The Romans weren’t always reclining at a table loaded with roasted ostriches, literally eating until they were sick. The 1,000-year and pan-European extent of Roman history takes in an enormous culinary range. Rome was a hierarchical society too, and the slave ate an enormously different diet from the master he served.
The most tangible evidence of the Roman diet is food and human waste excavated by archaeologists. The cities of Herculaneum and Pompeii (destroyed in the 79 AD eruption of Vesuvius) have left sewers and rubbish heaps packed with digested dietary evidence.
Rome’s rich literary and visual culture can also provide clues. Petronius’ over-the-top Satyricon (late 1st century) is probably the inspiration for our imagined decadent banquet. Poets like Horace (65 – 8 BC) and Juvenal (1st – 2nd century) leave clues.
A 10 volume cookbook, Apicius’ De re coquinaria (4th – 5th centuries AD) survives and Pliny the Elder’s great Natural History (c77 AD) is a fine source on edible plants.
The daily Roman cuisine
For the ordinary Roman, their diet started with, ientaculum – breakfast, this was served at day break. A small lunch, prandium, was eaten at around 11am. The cena was the main meal of the day. They may have eaten a late supper called vesperna.
Richer citizens in time, freed from the rhythms of manual labour, ate a bigger cena from late afternoon, abandoning the final supper.
The cena could be a grand social affair lasting several hours. It would be eaten in the triclinium, the dining room, at low tables with couches on three sides. The fourth side was always left open to allow servants to serve the dishes.
Diners were seated to reflect their status. The triclinium would be richly decorated, it was a place to show off wealth and status. Some homes had a second smaller dining room for less important meals and family meals were taken in a plainer oikos.
The Roman diet
The Mediterranean diet is recognised today as one of the healthiest in the world. Much of the Roman diet, at least the privileged Roman diet, would be familiar to a modern Italian.
They ate meat, fish, vegetables, eggs, cheese, grains (also as bread) and legumes.
Meat included animals like dormice (an expensive delicacy), hare, snails and boar. Smaller birds like thrushes were eaten as well as chickens and pheasants. Beef was not popular with the Romans and any farmed meat was a luxury, game was much more common. Meat was usually boiled or fried – ovens were rare.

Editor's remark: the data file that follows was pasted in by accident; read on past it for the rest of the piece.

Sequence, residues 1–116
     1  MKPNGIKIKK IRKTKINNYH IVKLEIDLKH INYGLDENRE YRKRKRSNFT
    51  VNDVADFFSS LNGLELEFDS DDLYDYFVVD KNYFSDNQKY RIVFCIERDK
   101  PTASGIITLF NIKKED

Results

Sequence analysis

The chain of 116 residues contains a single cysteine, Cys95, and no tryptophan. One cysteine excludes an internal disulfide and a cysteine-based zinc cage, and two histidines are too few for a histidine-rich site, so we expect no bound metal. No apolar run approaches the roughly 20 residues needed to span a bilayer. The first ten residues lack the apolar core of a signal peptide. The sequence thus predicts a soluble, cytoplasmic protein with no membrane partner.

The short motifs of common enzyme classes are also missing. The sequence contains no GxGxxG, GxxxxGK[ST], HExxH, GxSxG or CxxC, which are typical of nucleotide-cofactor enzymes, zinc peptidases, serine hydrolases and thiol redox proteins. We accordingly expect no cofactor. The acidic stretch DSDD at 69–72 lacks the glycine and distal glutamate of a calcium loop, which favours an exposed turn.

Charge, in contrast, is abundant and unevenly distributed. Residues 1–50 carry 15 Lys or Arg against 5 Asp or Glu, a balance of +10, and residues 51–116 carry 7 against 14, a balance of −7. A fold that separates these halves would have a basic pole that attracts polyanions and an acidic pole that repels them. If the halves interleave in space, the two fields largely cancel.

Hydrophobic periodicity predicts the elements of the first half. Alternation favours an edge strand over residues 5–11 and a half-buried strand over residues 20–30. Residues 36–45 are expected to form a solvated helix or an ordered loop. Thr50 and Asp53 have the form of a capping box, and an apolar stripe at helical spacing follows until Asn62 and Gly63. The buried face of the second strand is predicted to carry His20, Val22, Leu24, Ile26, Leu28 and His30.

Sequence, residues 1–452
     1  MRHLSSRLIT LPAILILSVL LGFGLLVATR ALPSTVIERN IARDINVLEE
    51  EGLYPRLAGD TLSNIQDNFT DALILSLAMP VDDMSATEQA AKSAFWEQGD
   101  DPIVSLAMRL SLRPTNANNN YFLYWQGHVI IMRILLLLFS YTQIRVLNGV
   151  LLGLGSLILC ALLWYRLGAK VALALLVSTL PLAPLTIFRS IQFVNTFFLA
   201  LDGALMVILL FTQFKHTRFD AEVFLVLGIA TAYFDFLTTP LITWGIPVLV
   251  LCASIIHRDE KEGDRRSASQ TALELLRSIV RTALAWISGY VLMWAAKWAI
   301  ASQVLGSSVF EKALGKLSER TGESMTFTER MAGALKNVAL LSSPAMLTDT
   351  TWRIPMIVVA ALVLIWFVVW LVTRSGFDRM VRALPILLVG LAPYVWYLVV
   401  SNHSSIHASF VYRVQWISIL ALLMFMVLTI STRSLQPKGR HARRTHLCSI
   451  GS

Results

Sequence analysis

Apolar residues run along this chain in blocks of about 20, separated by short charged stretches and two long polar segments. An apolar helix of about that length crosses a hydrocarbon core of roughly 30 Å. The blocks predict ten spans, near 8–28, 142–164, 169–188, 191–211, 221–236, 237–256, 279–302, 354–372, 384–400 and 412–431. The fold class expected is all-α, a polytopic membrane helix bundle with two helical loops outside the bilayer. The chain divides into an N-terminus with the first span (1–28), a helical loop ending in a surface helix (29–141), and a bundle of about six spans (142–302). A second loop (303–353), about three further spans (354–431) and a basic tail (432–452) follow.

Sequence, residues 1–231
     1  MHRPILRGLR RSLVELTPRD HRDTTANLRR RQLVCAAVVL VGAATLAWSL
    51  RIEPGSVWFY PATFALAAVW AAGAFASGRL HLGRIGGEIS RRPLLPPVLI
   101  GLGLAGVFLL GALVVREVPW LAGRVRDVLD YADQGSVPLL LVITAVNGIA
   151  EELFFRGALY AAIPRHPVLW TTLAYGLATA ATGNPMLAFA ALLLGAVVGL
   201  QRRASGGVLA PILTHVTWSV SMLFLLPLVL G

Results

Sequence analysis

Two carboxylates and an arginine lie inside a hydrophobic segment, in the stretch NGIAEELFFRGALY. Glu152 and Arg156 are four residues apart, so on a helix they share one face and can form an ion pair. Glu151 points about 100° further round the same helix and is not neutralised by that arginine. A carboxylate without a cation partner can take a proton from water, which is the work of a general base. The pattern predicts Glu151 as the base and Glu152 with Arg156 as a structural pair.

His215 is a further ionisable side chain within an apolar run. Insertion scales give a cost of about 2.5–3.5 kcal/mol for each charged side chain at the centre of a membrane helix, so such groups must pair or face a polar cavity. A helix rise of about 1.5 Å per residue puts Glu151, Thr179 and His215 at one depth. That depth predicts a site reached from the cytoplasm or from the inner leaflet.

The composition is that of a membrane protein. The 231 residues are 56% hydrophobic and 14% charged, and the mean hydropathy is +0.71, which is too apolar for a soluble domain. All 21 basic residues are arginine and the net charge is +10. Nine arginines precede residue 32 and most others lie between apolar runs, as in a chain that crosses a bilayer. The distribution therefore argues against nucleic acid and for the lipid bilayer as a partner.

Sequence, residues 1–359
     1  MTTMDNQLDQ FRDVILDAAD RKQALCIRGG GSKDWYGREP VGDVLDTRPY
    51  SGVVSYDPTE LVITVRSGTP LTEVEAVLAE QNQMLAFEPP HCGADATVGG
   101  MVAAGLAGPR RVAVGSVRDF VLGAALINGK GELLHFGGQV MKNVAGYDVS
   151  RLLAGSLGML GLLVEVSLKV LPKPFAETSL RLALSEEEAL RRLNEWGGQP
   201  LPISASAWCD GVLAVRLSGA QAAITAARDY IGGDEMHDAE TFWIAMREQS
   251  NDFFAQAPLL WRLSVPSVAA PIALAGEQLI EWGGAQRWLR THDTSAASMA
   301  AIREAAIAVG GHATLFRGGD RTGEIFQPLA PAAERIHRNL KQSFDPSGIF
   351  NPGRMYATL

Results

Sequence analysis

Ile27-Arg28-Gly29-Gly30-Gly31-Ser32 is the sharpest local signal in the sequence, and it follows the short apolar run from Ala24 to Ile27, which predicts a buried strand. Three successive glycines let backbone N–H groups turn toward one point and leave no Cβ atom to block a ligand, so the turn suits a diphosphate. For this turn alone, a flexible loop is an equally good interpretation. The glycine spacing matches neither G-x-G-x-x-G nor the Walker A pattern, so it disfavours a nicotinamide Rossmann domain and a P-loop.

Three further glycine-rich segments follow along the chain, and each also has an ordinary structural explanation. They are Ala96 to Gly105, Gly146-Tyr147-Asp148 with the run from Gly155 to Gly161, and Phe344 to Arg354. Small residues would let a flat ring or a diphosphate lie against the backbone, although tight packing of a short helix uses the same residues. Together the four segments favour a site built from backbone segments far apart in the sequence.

A type of clam called telline that is still popular in Italy today was a common part of a rich seafood mix that included oysters (often farmed), octopus and most sea fish.
The Romans grew beans, olives, peas, salads, onions, and brassicas (cabbage was considered particularly healthy, good for digestion and curing hangovers) for the table. Dried peas were a mainstay of poorer diets. As the empire expanded new fruits and vegetables were added to the menu. The Romans had no aubergines, peppers, courgettes, green beans, or tomatoes, staples of modern Italian cooking.
Fruit was also grown or harvested from wild trees and often preserved for out-of-season eating. Apples, pears, grapes, quince and pomegranate were common. Cherries, oranges, dates, lemons and oranges were exotic imports. Honey was the only sweetener.
Eggs seem to have been available to all classes, but larger goose eggs were a luxury.
Bread was made from spelt, corn (sometimes a state dole for citizens) or emmer. The lack of ovens meant it had to be made professionally, which may explain why the poor took their grains in porridges.
The Romans were cheese-making pioneers, producing both hard and soft cheeses. Soldiers’ rations included cheese and it was important enough for Emperor Diocletian (284 – 305 AD) to pass laws fixing its price. Pliny the Elder wrote on its medicinal properties.
Most of these were the foods of the wealthy. The poor and slaves are generally thought to have relied on a staple porridge. Bones analysed in 2013 revealed poor Romans ate large amounts of millet, now largely an animal feed. Barley or emmer (farro) was also used.
This porridge, or puls, would be livened up with what fruit, vegetables or meats that could be afforded.
Dining out was generally for the lower classes, and recent research in Pompeii has shown they did eat meat from restaurants, including giraffe.
All classes had access to at least some of Rome’s key ingredients, garum, liquamen and allec, the fermented fish sauces.
The sauces were made from fish guts and small fish, which were salted and left in the sun. The resulting gunk was filtered. Garum was the best quality paste, what passed through the filters was liquamen. The sludge left at the bottom of the sieve was a third variety, allec, destined for the plates of slaves and the really poor.
Herbs would be added to local or even family recipes.
These highly nutritious sauces were used widely and garum production was a big business – Pompeii was a garum town. Soldiers drank it in solution. The poor poured it into their porridge. The rich used it in almost every recipe – it might be compared to Worcestershire sauce or soy sauce or far-eastern fish sauces today – from the savoury to the sweet.